Tuesday, April 21, 2009

1984 and children and so on

Soooo I saw 1984. 'twas great. I got there a bit early, then went in, sat next to an older couple. Even though we were the first ones to be seated, we were usher'd to like 10 rows back, which was fine, the configuration of the theater was lovely and we could see and etc. But that meant that scores of (I thought) high school peoples would take up all those rows. NO. NOT TRUE. I am bad at guessing ages, but these kids could not have been past 8th grade, they were probably even younger.

Now I am sure they did not read the book in class. It's heavy, violent, and dark. Obviously. Why would a teacher think it a good idea to take 12 year olds to a play which they are pretty universally incapable of fully grasping the themes and implications of?

Maybe I am underestimating middle school brains. But I don't think so. Judging from their (extremely vocal) reactions to scenes, no. They did not. They laughed through almost the entirety of the scenes when Winston was in the Ministry of Love. Because, yeah, watching a man have everything right and true and sane beat and tortured out of him is hi-LARIOUS.

Also, the old man next to me fell asleep and started snoring, which was lolz.

So YES. The play itself was amazingly fantastic. Or it was to me. Though I think I seem to be somewhat blindly enthusiastic about things after I experience them. Something like that. Not exactly. Any time I go to a movie, I like it, think it was great. Valkyrie was amazing, and The Day the Earth Stood Still was pretty good. Then I come home and later see that everyone else (it seems) thought they were crap. *I* liked them. This doesn't happen with movies are undeniably crap, though. Like, I was not disillusioned in the least by Are We There Yet?. That movie suuuuucked.

The performance was great. I shall say that again. I really loved the set and how they changed scenes and the lack of props. Very minimalist. It was pretty ace. The stage was all drenched in black and blue lighting, and the telescreen was in the form of a big ol' ominous sinister white circle in the not-quite-center of an even bigger and more ominous circle. As depicted in this picture. i has hawt photography skillz.

Beforehand, I was wondering how they were going to do everything, as plays are auditory and visual experiences, and the majority of 1984 is all in thoughts and discreet actions. But it worked out fine, I think. They talked openly a few times in front of the telescreen, which wouldn't have worked, but whatever whatever it was great.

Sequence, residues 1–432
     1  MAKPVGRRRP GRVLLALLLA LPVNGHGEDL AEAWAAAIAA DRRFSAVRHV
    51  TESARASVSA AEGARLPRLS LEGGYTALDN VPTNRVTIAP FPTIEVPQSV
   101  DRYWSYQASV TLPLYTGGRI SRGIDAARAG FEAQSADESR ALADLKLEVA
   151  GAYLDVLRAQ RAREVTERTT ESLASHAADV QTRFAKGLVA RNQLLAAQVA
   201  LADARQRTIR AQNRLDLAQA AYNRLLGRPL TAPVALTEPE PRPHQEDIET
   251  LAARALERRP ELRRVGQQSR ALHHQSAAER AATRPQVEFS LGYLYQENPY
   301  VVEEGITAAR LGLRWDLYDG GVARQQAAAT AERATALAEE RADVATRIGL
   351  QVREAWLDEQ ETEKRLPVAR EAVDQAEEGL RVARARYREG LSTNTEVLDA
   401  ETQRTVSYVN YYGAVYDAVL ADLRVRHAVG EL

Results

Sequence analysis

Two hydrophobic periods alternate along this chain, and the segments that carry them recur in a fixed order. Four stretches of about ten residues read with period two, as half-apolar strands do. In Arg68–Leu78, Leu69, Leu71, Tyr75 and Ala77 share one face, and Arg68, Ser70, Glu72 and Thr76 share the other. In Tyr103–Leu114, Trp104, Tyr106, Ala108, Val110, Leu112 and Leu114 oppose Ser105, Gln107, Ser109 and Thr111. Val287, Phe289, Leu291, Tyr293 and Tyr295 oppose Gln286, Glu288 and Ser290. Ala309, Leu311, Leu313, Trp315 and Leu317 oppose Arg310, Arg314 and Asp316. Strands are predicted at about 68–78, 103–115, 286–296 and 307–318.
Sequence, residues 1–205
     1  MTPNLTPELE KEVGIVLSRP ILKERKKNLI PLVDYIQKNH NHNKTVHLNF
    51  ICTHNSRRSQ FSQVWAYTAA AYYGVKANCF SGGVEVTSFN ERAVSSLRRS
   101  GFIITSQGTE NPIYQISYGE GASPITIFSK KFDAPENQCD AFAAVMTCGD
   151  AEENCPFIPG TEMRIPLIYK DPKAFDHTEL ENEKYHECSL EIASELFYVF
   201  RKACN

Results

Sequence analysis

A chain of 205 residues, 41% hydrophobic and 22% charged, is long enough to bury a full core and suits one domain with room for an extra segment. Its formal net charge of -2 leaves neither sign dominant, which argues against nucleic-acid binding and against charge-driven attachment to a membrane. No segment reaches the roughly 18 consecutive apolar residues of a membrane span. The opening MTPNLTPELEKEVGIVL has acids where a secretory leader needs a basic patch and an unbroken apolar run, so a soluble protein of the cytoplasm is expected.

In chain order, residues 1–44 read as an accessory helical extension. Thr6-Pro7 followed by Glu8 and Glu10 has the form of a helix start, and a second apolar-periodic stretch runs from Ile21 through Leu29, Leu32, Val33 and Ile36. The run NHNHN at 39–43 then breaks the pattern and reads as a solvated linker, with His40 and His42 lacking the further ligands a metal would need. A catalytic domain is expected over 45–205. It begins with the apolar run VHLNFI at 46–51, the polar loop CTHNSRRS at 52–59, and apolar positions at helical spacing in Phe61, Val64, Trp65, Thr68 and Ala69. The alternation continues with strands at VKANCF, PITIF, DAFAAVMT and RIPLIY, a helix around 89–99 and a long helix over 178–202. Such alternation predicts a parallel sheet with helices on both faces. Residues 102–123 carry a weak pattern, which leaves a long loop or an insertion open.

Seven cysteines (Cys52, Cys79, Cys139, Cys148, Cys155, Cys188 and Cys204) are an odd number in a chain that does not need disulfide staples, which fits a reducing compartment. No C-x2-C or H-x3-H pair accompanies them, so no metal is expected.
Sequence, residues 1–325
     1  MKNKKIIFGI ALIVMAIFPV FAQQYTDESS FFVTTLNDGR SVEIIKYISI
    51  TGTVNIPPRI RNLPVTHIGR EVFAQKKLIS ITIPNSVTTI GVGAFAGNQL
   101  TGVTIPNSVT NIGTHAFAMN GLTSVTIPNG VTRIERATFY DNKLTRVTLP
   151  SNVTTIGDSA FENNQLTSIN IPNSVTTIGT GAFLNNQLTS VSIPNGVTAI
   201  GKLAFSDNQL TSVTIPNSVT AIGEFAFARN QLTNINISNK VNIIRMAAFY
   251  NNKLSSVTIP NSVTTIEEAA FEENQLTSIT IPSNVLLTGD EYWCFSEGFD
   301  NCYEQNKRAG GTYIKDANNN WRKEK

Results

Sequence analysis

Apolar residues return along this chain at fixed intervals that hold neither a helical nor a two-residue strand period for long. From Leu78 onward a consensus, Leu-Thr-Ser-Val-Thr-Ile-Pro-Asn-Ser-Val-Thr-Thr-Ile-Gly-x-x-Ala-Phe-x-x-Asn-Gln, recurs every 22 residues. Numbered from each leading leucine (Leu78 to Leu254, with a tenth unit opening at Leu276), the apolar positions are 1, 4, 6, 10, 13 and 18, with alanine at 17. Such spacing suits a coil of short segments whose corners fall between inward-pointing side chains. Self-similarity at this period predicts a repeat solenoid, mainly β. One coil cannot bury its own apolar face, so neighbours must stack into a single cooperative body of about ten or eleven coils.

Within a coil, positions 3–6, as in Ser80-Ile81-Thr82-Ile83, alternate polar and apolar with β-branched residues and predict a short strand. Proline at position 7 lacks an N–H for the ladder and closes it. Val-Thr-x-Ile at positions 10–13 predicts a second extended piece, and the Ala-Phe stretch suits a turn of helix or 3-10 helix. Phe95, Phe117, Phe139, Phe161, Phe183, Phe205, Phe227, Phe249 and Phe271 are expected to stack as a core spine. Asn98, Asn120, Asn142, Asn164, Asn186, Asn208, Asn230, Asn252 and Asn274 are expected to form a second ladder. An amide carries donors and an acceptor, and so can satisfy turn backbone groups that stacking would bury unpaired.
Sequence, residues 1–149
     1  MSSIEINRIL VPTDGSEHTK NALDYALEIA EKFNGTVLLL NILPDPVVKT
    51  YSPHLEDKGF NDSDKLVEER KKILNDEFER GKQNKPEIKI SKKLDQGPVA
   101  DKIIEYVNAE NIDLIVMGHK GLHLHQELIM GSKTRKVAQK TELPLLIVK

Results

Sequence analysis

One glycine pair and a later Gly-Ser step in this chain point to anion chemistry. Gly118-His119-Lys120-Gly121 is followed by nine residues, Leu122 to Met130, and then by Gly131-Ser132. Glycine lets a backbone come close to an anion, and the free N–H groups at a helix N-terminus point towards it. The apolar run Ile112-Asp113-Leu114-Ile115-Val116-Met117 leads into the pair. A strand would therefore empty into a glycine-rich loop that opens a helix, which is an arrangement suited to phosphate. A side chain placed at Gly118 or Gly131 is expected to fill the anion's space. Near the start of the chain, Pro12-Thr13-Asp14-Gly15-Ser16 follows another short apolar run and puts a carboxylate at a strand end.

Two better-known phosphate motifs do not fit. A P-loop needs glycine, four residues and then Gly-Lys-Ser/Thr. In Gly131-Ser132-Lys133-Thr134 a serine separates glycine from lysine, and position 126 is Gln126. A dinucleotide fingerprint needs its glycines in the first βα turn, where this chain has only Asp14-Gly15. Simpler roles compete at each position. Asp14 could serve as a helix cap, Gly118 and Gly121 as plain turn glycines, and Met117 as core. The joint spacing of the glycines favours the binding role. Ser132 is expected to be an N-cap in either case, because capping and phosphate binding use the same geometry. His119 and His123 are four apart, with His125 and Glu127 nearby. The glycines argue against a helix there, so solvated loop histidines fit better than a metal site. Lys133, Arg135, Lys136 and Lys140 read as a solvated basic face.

I don't know if you can see in the picture, but the only props that were used were chairs and two screen partition things that were repositioned and relocated and rotated and such for each scene. It was nice.

In conclusion, kids do inappropriate things, I like 1984 a whole lot, and old men snore and are consequently elbowed by their wives who are not entirely happy with the attention that the repeated, sustained graaaaarhhhgs draw to her husband and, subsequently, by association and physical proximity, to herself.


  1. I'm interested as to how they depicted the part of the book where we basically just read the manifesto. That would be hard to depict on stage I would think. But maybe I'm remembering it wrong (also that is where I stopped when I (tried to) read the book in grade 9).

  2. They skipped over most of the manifesto stuff. What he did read was out loud, he read to Julia. For what little they explained, I was impressed at how cohesive the whole thing was.

  3. As far as liking things that others thought were horrible, I think it's all a matter of taste. I'll listen to their criticisms before and after I see or listen to something but it's up to me in the end whether I like it or not.

    I've heard about play adaptations of 1984 but have yet to see one done. Hoping my college's theater program will do one, b/c this sounds like something they could pull off well.

  4. Sucks that the children were ruining the experience for you :( But the play sounds like it was amaaazing. Minimalist set ups fascinate me, because the ones I've seen are done so well.


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